counter create hit Horrorism: Naming Contemporary Violence - Download Free eBook
Hot Best Seller

Horrorism: Naming Contemporary Violence

Availability: Ready to download

Words like "terrorism" and "war" no longer encompass the scope of contemporary violence. With this explosive book, Adriana Cavarero, one of the world's most provocative feminist theorists and political philosophers, effectively renders such terms obsolete. She introduces a new word--"horrorism"--to capture the experience of violence. Unlike terror, horrorism is a form of vi Words like "terrorism" and "war" no longer encompass the scope of contemporary violence. With this explosive book, Adriana Cavarero, one of the world's most provocative feminist theorists and political philosophers, effectively renders such terms obsolete. She introduces a new word--"horrorism"--to capture the experience of violence. Unlike terror, horrorism is a form of violation grounded in the offense of disfiguration and massacre. Numerous outbursts of violence fall within Cavarero's category of horrorism, especially when the phenomenology of violence is considered from the perspective of the victim rather than that of the warrior. Cavarero locates horrorism in the philosophical, political, literary, and artistic representations of defenseless and vulnerable victims. She considers both terror and horror on the battlefields of the Iliad, in the decapitation of Medusa, and in the murder of Medea's children. In the modern arena, she forges a link between horror, extermination, and massacre, especially the Nazi death camps, and revisits the work of Primo Levi, Hannah Arendt's thesis on totalitarianism, and Arendt's debate with Georges Bataille on the estheticization of violence and cruelty. In applying the horroristic paradigm to the current phenomena of suicide bombers, torturers, and hypertechnological warfare, Cavarero integrates Susan Sontag's views on photography and the eroticization of horror, as well as ideas on violence and the state advanced by Thomas Hobbes and Carl Schmitt. Through her searing analysis, Caverero proves that violence against the helpless claims a specific vocabulary, one that has been known for millennia, and not just to the Western tradition. Where common language fails to form a picture of atrocity, horrorism paints a brilliant portrait of its vivid reality.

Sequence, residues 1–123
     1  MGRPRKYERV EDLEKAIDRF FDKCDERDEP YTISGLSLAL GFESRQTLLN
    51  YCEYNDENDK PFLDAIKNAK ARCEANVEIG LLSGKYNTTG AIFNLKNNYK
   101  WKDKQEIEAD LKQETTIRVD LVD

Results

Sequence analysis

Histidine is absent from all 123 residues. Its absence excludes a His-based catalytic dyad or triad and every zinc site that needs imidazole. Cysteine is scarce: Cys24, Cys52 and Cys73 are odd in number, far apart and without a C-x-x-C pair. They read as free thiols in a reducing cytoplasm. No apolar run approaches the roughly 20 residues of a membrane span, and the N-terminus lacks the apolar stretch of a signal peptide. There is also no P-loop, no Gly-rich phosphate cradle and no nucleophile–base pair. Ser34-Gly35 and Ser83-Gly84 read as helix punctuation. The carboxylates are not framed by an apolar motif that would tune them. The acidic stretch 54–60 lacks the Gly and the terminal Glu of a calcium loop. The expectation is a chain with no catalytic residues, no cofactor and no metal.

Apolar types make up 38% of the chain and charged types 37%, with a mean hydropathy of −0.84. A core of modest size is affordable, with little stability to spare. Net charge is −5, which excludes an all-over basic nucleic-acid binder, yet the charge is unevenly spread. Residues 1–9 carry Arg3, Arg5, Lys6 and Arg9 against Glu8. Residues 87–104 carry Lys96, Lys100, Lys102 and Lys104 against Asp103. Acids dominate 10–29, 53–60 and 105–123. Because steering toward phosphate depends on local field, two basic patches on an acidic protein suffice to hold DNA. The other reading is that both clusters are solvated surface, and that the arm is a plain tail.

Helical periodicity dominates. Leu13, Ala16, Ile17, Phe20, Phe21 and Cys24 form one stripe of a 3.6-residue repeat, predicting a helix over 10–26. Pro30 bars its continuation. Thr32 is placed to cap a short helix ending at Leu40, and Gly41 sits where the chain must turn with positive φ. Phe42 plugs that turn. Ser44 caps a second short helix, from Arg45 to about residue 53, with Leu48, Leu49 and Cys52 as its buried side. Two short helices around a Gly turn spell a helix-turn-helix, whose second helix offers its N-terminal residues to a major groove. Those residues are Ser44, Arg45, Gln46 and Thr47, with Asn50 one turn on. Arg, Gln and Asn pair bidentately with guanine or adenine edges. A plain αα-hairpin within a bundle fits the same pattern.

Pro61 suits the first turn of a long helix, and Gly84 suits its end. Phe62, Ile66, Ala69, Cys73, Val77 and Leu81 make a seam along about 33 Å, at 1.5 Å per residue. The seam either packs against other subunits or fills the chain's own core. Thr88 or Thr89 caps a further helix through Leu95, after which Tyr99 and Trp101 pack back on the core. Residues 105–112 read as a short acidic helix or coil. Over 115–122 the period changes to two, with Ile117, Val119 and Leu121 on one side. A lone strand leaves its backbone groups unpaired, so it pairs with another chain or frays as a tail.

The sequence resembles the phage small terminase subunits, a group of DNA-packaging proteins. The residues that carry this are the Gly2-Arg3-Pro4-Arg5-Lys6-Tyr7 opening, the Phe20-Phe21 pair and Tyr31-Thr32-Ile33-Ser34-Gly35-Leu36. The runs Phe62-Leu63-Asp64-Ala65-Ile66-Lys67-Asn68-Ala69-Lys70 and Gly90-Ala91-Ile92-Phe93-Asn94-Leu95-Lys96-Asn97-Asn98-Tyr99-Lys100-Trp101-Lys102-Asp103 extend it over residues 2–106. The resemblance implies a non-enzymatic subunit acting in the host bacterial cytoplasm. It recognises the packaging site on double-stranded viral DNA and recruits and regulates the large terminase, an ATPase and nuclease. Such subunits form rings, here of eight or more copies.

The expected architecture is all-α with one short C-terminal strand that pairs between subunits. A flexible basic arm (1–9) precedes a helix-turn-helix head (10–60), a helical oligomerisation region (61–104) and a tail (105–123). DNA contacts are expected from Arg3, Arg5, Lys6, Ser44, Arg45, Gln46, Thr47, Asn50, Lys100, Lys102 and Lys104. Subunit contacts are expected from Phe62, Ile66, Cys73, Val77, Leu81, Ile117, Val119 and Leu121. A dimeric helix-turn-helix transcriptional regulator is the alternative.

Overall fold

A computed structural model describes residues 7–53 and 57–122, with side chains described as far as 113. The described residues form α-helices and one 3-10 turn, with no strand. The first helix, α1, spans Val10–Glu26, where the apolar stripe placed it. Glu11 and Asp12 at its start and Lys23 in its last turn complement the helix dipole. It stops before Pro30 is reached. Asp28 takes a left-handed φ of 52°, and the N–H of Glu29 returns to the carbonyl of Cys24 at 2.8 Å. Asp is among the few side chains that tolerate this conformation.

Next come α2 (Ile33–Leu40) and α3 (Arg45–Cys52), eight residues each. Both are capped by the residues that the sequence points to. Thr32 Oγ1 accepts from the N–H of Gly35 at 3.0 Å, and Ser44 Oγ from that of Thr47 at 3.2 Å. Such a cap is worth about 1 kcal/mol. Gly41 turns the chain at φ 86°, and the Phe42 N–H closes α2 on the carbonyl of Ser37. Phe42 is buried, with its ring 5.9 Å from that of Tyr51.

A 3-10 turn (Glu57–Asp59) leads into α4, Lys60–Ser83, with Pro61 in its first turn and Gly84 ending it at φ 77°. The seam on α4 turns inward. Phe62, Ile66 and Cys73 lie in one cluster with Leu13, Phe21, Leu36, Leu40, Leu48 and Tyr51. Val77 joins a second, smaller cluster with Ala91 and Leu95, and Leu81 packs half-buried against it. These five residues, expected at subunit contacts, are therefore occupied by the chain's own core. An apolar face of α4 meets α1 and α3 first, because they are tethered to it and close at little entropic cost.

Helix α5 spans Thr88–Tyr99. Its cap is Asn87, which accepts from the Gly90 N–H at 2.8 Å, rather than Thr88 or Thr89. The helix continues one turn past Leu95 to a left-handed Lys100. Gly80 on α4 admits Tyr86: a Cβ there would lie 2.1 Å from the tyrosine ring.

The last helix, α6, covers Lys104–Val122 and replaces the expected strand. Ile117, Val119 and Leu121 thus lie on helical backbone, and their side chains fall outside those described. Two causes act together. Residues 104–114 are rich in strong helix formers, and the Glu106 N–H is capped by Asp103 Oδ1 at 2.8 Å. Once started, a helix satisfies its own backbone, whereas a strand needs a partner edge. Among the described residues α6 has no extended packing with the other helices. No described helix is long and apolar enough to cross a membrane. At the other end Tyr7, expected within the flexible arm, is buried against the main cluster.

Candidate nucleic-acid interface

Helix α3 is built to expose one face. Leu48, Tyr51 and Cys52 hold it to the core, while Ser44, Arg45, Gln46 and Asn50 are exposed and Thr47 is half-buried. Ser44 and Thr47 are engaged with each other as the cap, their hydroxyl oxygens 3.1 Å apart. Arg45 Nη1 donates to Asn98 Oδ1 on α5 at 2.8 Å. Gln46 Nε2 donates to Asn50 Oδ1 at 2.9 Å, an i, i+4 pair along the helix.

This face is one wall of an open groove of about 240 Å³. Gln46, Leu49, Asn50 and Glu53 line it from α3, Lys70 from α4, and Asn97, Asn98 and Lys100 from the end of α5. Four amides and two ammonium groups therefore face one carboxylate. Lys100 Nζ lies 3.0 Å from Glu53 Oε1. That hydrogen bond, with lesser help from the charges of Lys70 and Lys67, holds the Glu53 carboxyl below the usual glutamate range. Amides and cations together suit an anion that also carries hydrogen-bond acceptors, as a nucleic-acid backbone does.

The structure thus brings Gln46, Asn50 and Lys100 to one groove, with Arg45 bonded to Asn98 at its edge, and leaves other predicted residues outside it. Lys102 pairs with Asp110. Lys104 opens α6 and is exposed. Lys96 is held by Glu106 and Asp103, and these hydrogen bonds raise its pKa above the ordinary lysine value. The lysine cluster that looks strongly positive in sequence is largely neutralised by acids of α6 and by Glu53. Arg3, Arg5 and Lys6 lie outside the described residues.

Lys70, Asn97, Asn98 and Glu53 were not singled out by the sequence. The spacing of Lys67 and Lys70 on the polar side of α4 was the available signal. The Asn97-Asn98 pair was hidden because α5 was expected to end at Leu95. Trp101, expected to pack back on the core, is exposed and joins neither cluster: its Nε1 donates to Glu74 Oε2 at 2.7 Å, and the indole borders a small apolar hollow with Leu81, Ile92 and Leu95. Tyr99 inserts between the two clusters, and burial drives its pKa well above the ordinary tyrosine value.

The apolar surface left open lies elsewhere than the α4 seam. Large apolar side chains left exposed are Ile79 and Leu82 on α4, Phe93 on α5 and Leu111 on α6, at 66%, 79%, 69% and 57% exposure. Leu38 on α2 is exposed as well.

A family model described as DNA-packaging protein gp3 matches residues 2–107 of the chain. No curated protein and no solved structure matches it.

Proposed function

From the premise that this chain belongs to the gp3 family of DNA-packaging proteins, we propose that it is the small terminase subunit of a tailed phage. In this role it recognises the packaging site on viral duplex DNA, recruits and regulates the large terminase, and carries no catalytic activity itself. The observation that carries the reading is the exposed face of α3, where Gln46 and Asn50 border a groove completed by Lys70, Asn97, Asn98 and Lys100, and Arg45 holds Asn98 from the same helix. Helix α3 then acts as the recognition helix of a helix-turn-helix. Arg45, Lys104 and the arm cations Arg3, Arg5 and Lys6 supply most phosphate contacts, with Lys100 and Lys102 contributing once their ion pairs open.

Compare

Words like "terrorism" and "war" no longer encompass the scope of contemporary violence. With this explosive book, Adriana Cavarero, one of the world's most provocative feminist theorists and political philosophers, effectively renders such terms obsolete. She introduces a new word--"horrorism"--to capture the experience of violence. Unlike terror, horrorism is a form of vi Words like "terrorism" and "war" no longer encompass the scope of contemporary violence. With this explosive book, Adriana Cavarero, one of the world's most provocative feminist theorists and political philosophers, effectively renders such terms obsolete. She introduces a new word--"horrorism"--to capture the experience of violence. Unlike terror, horrorism is a form of violation grounded in the offense of disfiguration and massacre. Numerous outbursts of violence fall within Cavarero's category of horrorism, especially when the phenomenology of violence is considered from the perspective of the victim rather than that of the warrior. Cavarero locates horrorism in the philosophical, political, literary, and artistic representations of defenseless and vulnerable victims. She considers both terror and horror on the battlefields of the Iliad, in the decapitation of Medusa, and in the murder of Medea's children. In the modern arena, she forges a link between horror, extermination, and massacre, especially the Nazi death camps, and revisits the work of Primo Levi, Hannah Arendt's thesis on totalitarianism, and Arendt's debate with Georges Bataille on the estheticization of violence and cruelty. In applying the horroristic paradigm to the current phenomena of suicide bombers, torturers, and hypertechnological warfare, Cavarero integrates Susan Sontag's views on photography and the eroticization of horror, as well as ideas on violence and the state advanced by Thomas Hobbes and Carl Schmitt. Through her searing analysis, Caverero proves that violence against the helpless claims a specific vocabulary, one that has been known for millennia, and not just to the Western tradition. Where common language fails to form a picture of atrocity, horrorism paints a brilliant portrait of its vivid reality.